The full origins of the mojito are lost to history; all we really know is that the drink originated in Cuba over 200 years ago, before being popularized by Ernest Hemingway and other celebrities who visited Cuba prior to the Revolution.
Or do we even know that much? Eric Felten cast convincing doubt on the Hemingway connection in a 2007 Wall Street Journal column.
What is true is that modern mojito, both as served in Havana and at your neighborhood brunch joint, is often sickly sweet, assuming it's even anywhere close to the original recipe, and not adulterated with spiced rum or boysenberry jam.
Want to make the real thing? Here's what you do:
Start with mint leaves in a serving glass—spearmint, if you can get it. Add a little sugar and gently muddle, just to slightly bruise the leaves and release their oils. Squeeze in fresh lime juice. Add a dash of Angostura if you please! It balances the sweetness and adds in subtle herbal notes. Finally, add a good white rum (I like Banks Five Island) and stir. Add in some ice and stir gently to chill and mix the drink. Made with a tasty rum and the freshest ingredients, this drink transcends the cliché it may have become.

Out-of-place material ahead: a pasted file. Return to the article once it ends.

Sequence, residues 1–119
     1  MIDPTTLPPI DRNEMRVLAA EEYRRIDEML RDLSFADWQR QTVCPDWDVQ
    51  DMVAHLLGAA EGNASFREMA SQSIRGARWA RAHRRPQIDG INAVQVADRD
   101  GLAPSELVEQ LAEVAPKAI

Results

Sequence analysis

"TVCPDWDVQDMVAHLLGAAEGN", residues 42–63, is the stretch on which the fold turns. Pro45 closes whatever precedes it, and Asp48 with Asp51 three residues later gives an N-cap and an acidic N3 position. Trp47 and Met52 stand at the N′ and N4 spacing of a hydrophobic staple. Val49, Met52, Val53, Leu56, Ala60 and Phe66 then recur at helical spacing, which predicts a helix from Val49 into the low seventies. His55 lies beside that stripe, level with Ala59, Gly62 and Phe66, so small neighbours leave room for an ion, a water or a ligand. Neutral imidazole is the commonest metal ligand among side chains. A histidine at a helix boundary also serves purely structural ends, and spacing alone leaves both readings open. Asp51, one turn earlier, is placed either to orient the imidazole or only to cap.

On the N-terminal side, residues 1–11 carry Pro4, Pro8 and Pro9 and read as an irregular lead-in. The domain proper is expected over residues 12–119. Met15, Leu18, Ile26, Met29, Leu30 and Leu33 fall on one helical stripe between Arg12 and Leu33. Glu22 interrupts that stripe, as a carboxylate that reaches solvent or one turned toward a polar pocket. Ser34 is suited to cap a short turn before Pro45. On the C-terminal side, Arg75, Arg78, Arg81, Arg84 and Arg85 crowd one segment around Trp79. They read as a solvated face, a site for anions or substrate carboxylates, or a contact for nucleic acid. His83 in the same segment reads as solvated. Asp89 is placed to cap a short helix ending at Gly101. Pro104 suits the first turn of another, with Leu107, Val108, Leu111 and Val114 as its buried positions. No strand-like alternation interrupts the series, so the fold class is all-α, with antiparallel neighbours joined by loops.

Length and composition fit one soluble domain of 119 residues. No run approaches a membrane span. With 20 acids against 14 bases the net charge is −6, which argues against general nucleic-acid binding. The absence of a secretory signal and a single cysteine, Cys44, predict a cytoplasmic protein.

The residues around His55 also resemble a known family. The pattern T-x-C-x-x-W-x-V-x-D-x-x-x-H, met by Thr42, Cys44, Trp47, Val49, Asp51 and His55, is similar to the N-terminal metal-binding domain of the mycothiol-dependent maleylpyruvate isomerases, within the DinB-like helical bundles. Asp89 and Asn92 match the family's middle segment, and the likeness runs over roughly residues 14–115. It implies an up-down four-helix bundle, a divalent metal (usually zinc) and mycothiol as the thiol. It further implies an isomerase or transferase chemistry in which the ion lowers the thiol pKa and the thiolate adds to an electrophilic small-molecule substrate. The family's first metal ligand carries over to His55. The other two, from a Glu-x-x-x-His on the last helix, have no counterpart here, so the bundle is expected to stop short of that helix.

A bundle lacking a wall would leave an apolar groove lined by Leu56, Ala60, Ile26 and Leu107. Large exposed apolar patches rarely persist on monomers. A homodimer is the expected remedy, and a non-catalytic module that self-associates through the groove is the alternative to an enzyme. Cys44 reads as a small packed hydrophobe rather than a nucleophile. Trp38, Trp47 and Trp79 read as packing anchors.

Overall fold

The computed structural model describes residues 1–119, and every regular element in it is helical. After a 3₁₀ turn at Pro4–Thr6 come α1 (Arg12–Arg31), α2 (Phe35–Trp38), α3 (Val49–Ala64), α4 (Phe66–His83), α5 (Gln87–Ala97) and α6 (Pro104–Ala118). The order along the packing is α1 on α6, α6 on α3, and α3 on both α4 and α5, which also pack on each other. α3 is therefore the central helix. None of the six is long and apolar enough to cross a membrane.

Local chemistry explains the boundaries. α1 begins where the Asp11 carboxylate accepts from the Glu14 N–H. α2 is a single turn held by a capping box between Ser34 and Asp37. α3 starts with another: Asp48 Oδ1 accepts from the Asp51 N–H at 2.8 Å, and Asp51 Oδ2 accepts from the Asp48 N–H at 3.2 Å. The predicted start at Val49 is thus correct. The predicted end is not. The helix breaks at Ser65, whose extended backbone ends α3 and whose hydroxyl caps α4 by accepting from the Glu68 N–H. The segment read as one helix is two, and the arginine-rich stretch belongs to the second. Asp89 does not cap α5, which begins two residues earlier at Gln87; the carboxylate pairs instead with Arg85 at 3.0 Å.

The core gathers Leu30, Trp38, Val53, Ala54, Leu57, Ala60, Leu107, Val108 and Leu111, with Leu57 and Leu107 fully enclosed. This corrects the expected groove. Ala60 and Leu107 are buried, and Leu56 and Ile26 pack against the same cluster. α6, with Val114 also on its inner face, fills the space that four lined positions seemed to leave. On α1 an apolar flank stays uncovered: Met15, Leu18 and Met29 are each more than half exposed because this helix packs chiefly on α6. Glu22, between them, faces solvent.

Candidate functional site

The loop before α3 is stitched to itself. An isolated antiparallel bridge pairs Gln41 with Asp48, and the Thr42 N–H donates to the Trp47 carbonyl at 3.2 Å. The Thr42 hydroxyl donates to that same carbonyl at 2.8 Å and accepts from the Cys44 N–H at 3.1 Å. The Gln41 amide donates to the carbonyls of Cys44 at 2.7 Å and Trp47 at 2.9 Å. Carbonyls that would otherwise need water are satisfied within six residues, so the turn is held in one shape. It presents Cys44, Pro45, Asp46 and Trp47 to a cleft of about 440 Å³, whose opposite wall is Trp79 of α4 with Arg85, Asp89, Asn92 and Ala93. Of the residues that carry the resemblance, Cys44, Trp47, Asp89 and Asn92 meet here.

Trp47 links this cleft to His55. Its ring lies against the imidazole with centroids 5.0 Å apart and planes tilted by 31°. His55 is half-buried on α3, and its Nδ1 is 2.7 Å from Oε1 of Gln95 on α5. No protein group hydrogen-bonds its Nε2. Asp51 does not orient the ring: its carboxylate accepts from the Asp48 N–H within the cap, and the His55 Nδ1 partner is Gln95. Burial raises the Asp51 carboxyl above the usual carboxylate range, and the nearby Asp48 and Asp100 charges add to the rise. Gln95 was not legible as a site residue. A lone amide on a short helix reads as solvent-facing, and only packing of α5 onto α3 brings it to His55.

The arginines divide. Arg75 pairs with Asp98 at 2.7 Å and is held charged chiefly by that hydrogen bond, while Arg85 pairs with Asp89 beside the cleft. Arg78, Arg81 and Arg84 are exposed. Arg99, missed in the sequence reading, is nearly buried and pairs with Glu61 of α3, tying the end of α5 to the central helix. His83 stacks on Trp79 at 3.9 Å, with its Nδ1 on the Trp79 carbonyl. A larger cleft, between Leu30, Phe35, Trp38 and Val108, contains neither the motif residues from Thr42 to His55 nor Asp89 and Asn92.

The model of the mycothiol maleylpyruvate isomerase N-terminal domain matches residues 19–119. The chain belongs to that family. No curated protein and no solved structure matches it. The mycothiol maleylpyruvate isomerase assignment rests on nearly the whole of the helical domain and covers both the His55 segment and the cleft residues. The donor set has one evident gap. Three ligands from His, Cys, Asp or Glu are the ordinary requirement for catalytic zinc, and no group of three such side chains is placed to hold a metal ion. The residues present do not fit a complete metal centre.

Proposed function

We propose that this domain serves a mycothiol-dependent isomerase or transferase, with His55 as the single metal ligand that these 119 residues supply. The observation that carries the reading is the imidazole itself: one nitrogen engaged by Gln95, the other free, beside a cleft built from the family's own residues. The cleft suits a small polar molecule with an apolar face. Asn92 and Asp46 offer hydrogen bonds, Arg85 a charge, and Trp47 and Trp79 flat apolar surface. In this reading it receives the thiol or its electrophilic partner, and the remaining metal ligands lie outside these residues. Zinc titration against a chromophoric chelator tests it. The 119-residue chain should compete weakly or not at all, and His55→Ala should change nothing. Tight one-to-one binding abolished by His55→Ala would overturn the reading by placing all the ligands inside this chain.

- 1 teaspoon sugar
- 10 leaves fresh mint
- 1 1/2 ounces white rum
- 3/4 ounce fresh lime juice
- Club soda
- 2 sprigs fresh mint, for garnish
- 1 lime twist, for garnish
Place sugar and mint leaves in a serving glass, and gently muddle just until the leaves release their oils.
Fill glass with ice. Add rum and lime juice. Stir to combine.
Top with club soda and add mint sprigs and lime twist for garnish.